music
Arts and Entertainment
The new film will be shot in the same studios as the Harry Potter films

books
Arts and Entertainment
Duncan Bannatyne left school at 15 and was still penniless at 29

Bannatyne leaves Dragon's Den

TV
Arts and Entertainment
The French economist Thomas Piketty wrote that global inequality has worsened

books
Arts and Entertainment
David Tennant and Benedict Cumberbatch

TV
Arts and Entertainment
Ben Affleck plays a despondent Nick Dunne in David Fincher's 'Gone Girl'

film
Arts and Entertainment
Pete Doherty (L) and Carl Barât look at the scene as people begin to be crushed

music
Arts and Entertainment

tv
Independent
Travel Shop
the manor
Up to 70% off luxury travel
on city breaks Find out more
santorini
Up to 70% off luxury travel
on chic beach resorts Find out more
sardina foodie
Up to 70% off luxury travel
on country retreats Find out more
Have you tried new the Independent Digital Edition apps?

ES Rentals

    Independent Dating
    and  

    By clicking 'Search' you
    are agreeing to our
    Terms of Use.

    Iraq crisis: How Saudi Arabia helped Isis take over the north of the country

    How Saudi Arabia helped Isis take over northern Iraq

    A speech by an ex-MI6 boss hints at a plan going back over a decade. In some areas, being Shia is akin to being a Jew in Nazi Germany, says Patrick Cockburn
    The evolution of Andy Serkis: First Gollum, then King Kong - now the actor is swinging through the trees in Dawn of the Planet of the Apes

    The evolution of Andy Serkis

    First Gollum, then King Kong - now the actor is swinging through the trees in Dawn of the Planet of the Apes
    You thought 'Benefits Street' was controversial: Follow-up documentary 'Immigrant Street' has got locals worried

    You thought 'Benefits Street' was controversial...

    Follow-up documentary 'Immigrant Street' has got locals worried
    Refugee children from Central America let down by Washington's high ideals

    Refugee children let down by Washington's high ideals

    Democrats and Republicans refuse to set aside their differences to cope with the influx of desperate Central Americas, says Rupert Cornwell
    Children's books are too white, says Laureate

    Children's books are too white, says Laureate

    Malorie Blackman appeals for a better ethnic mix of authors and characters and the illustrator Quentin Blake comes to the rescue
    Blackest is the new black: Scientists have developed a material so dark that you can't see it...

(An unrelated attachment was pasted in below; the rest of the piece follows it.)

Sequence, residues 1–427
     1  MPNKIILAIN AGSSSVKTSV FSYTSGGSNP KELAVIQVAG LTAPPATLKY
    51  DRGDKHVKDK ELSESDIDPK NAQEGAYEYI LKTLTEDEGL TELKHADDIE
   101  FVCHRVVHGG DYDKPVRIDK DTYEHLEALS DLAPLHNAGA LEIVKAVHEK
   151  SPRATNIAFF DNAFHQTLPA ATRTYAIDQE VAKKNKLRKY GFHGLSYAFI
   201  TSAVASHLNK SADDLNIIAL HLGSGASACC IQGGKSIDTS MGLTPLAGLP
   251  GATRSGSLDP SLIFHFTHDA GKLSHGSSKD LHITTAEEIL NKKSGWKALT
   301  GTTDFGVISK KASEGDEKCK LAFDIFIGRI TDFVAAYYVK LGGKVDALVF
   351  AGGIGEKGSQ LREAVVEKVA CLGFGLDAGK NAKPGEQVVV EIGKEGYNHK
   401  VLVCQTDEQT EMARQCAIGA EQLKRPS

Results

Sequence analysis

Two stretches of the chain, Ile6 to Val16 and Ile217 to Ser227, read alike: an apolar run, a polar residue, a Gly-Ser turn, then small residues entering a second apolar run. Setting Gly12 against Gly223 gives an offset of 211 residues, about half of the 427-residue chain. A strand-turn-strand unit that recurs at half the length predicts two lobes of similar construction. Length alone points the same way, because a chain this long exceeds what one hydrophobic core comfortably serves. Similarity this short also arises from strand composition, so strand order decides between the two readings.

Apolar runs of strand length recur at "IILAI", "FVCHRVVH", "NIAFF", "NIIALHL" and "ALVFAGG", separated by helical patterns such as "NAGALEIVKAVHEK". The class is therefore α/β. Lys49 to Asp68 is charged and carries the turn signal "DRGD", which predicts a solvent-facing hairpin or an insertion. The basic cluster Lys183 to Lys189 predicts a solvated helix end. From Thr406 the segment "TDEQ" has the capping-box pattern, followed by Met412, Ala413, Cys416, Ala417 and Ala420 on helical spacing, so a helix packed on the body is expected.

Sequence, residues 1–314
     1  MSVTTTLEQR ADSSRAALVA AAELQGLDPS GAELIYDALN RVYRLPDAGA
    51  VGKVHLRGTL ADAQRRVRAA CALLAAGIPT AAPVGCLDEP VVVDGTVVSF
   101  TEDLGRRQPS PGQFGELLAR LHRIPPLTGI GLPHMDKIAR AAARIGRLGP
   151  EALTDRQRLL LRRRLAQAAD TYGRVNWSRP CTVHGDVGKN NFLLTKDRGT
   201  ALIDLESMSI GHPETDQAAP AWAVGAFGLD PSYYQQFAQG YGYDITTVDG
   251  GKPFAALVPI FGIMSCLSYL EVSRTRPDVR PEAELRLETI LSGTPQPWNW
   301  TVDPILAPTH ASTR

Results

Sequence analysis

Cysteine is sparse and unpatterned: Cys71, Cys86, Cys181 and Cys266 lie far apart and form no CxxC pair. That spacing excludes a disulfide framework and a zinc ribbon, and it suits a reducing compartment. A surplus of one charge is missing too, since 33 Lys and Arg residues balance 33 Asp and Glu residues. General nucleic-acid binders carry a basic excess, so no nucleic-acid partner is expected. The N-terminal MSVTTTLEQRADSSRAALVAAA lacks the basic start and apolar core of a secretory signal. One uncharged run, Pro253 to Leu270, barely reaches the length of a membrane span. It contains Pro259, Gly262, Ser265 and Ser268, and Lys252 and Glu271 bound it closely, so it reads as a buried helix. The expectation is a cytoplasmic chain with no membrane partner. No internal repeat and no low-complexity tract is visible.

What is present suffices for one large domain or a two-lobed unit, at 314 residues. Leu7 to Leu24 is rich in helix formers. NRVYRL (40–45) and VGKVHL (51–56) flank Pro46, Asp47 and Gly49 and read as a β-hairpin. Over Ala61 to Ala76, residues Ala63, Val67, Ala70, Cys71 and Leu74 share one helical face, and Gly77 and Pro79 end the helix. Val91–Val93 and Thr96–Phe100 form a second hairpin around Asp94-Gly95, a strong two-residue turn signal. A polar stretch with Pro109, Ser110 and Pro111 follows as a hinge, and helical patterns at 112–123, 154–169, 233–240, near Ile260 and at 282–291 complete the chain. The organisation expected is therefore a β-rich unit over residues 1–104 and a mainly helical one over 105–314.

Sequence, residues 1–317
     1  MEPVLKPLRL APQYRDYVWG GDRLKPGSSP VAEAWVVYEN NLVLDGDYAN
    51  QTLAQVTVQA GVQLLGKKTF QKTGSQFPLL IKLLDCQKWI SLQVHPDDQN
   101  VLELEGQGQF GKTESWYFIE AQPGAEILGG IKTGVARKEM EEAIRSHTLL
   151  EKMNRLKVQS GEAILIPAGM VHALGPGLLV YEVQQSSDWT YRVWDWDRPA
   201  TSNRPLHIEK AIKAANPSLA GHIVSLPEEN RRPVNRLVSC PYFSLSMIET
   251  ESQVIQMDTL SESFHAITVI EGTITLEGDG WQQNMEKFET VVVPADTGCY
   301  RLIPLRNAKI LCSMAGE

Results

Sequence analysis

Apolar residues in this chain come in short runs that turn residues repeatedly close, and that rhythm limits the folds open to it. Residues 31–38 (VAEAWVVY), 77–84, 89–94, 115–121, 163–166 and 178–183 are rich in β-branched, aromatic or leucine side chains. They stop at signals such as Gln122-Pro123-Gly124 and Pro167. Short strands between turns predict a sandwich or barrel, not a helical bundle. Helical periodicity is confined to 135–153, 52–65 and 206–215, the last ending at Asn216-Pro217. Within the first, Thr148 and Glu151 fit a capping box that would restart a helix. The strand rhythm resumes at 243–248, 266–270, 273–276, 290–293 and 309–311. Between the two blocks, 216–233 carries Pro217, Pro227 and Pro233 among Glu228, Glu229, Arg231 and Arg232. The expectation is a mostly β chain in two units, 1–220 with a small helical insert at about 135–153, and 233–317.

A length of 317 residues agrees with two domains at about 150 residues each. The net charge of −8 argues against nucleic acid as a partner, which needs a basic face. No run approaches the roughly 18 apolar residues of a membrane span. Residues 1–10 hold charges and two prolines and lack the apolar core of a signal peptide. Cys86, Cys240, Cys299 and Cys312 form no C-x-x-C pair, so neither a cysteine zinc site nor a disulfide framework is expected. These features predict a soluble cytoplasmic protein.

Blackest is the new black

    Scientists have developed a material so dark that you can't see it...
    Matthew Barzun: America's diplomatic dude

    Matthew Barzun: America's diplomatic dude

    The US Ambassador to London holds 'jeans and beer' gigs at his official residence – it's all part of the job, he tells Chris Green
    Meet the Quantified Selfers: From heart rates to happiness, there is little this fast-growing, self-tracking community won't monitor

    Meet the 'Quantified Selfers'

    From heart rates to happiness, there is little this fast-growing, self-tracking community won't monitor
    Madani Younis: Five-star reviews are just the opening act for British theatre's first non-white artistic director

    Five-star reviews are just the opening act for British theatre's first non-white artistic director

    Madani Younis wants the neighbourhood to follow his work as closely as his audiences do
    Mrs Brown and her boys: are they having a laugh?

    Mrs Brown and her boys: are they having a laugh?

    When it comes to national stereotyping, the Irish – among others – know it can pay to play up to outsiders' expectations, says DJ Taylor
    Gavin Maxwell's bitter legacy: Was the otter man the wildlife champion he appeared to be?

    Otter man Gavin Maxwell's bitter legacy

    The aristocrat's eccentric devotion to his pets inspired a generation. But our greatest living nature writer believes his legacy has been quite toxic
    Joanna Rowsell: The World Champion cyclist on breaking her collarbone, shattering her teeth - and dealing with alopecia

    Joanna Rowsell: 'I wear my wig to look normal'

    The World Champion cyclist on breaking her collarbone, shattering her teeth - and dealing with alopecia
    Bill Granger recipes: Our chef gives raw ingredients a lift with his quick marinades

    Bill Granger's quick and delicious marinades

    Our chef's marinades are great for weekend barbecuing, but are also a delicious way of injecting flavour into, and breaking the monotony of, weekday meals
    Germany vs Argentina World Cup 2014 preview: Why Brazilians don't love their neighbours Argentina any more

    Anyone but Argentina – why Brazilians don’t love their neighbours any more

    The hosts will be supporting Germany in today's World Cup final, reports Alex Bellos
    The Open 2014: Time again to ask that major question - can Lee Westwood win at last?

    The Open 2014

    Time again to ask that major question - can Lee Westwood win at last?